Celebrating one of the most underrated artists in mainstream hip-hop
In 2011 we lost an artist I consider criminally underrated and under-acknowledged in hip hop conversations. We’ve touched on him in previous #MusicSermons: looking at the book of Uptown and remembering how hard we danced in the 90s, but today we’re going to properly focus on Dwight Errington Meyers, better known as Heavy D.
Without Heav, there’s no Uptown legacy as we know it, there’s not even a Bad Boy as we know it….But we’ll get into all that. Let’s start at the beginning: The Money Earnin’
Mount Vernon, above the Bronx, is home to Heavy (by way of Jamaica), Puffy, Pete Rock, CL Smooth, Al B. Sure and more. Harlem, the Bronx and points north — Mt. Vernon included — are deemed “Uptown,” if you speak NYC.
I consider Heav the cornerstone of Uptown Records, and we’ll talk more about that later, too. Long before Big and Pun were on the scene claiming Big Sexy status, the Overweight Lover had set the stage. Also PLEASE get into Heav’s footwork.
Coca Cola fits, flight suits, fresh Nike’s, gold rope chains… The fashion statements were so real. (Wops)
Even in the early days Heav felt to me — and this is co-signed by the way people who knew him talk about him — like a big brother in the game. An elder-statesman from the jump.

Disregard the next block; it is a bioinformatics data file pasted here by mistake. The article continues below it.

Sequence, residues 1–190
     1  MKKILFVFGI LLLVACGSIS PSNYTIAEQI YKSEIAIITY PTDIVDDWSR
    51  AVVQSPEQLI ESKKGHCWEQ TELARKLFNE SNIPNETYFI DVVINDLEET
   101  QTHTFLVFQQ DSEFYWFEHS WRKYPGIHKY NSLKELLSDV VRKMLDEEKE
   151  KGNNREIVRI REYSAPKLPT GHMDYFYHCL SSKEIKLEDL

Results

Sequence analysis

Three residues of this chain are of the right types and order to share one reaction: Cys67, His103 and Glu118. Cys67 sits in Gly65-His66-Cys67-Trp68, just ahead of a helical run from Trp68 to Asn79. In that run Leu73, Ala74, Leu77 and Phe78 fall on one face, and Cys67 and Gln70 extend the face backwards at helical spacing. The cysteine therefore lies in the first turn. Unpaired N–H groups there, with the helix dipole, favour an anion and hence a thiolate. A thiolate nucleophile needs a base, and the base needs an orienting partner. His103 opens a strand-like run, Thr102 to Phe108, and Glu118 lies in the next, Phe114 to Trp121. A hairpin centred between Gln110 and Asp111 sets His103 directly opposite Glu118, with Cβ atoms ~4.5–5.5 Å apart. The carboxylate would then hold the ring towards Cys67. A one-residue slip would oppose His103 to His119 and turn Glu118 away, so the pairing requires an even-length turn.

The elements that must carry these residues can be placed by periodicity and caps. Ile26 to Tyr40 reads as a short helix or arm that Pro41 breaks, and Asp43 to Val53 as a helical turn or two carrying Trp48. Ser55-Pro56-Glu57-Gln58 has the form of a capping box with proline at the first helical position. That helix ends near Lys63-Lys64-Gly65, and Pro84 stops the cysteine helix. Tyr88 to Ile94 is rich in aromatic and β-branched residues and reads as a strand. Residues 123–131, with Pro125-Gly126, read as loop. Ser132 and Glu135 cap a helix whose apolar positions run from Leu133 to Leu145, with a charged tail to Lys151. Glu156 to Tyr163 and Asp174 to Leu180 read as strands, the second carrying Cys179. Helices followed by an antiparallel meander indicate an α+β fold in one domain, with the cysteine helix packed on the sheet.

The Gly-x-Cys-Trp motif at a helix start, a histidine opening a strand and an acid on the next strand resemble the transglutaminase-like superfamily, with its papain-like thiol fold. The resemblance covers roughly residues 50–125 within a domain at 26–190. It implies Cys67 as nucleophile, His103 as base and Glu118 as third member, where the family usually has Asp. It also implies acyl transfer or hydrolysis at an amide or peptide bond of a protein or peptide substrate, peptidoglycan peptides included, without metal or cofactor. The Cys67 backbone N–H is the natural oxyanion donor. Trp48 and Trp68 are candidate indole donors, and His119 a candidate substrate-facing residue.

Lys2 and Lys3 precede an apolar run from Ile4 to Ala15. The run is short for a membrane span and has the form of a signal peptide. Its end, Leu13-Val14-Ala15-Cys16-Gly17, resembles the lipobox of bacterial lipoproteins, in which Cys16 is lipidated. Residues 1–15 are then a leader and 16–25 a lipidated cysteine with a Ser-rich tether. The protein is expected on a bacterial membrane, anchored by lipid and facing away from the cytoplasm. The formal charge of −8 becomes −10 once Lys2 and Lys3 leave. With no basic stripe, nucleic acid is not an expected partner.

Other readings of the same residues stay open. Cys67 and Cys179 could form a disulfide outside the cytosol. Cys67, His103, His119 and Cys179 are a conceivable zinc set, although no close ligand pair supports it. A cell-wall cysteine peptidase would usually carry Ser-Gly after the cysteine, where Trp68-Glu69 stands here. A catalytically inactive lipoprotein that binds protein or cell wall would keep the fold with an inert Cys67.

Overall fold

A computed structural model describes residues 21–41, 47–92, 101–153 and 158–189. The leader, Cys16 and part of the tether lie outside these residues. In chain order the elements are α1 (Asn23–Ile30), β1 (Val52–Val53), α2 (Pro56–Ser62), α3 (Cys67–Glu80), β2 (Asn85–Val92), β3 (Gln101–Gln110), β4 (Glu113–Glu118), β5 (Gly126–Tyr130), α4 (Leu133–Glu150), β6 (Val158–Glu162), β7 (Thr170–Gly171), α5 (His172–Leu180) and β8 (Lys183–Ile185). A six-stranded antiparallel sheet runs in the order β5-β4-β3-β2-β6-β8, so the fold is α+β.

When Uptown started, the roster included Finesse & Synquis, Groove B. Chill, and Marley Marl. But it was Heavy and Al B. Sure who set the tone and tempo for what the label was going to become: the marriage of r&b and hip-hop; party music, but not too cool to smooth out.
Living Large wasn’t considered a huge commercial success, but the follow up, Big Tyme, came with HITS. New jack swing was emerging on the music scene, and Uptown was getting in its bag as a label.
YOOOOO…. I’m sorry. “We Got Out Own Thang” is my sh*t. Right now. Today. Still. I gotta run that back.
Also need to — again — emphasize the footwork. The Boys got it IN.
Three Top 5 singles, and production from Eddie F (The “F” was for “fine”), Teddy Riley (of course), Marly Marl (who also did a lot of Living Large) and of course collabs with label mate/Mount Vernon neighbor Al B. Sure.
The Bum Diddly solidified his Big Smooth Cool brother persona. Heav was stylish, light on his feet, and all the girls, the girls, they loved him.
By this point, Heav is a star in hip-hop, and moving into the mainstream. Heavy D and the Boyz were one of the first acts tapped when Sprite started their legendary hip-hop campaigns.
As we already covered, Heav was smooth with it. Female friendly from the door. And “safe” hip-hop (and I say that with no shots). So when Janet needed a feature, who’d she call?
Oh, speaking of features, lemme back up a couple of years, cause I almost forgot about when Heavy D was in effect, and cooling’ with Levert.
Back to 1990. New jack swing culture is in full effect. Life and music is bright and full of energy. We get it poppin’ (please refer to my We Danced Hard AF in the 90s sermon). A groundbreaking sketch comedy show is hitting the air. We need a theme song!
That boy was so light on his damn feet!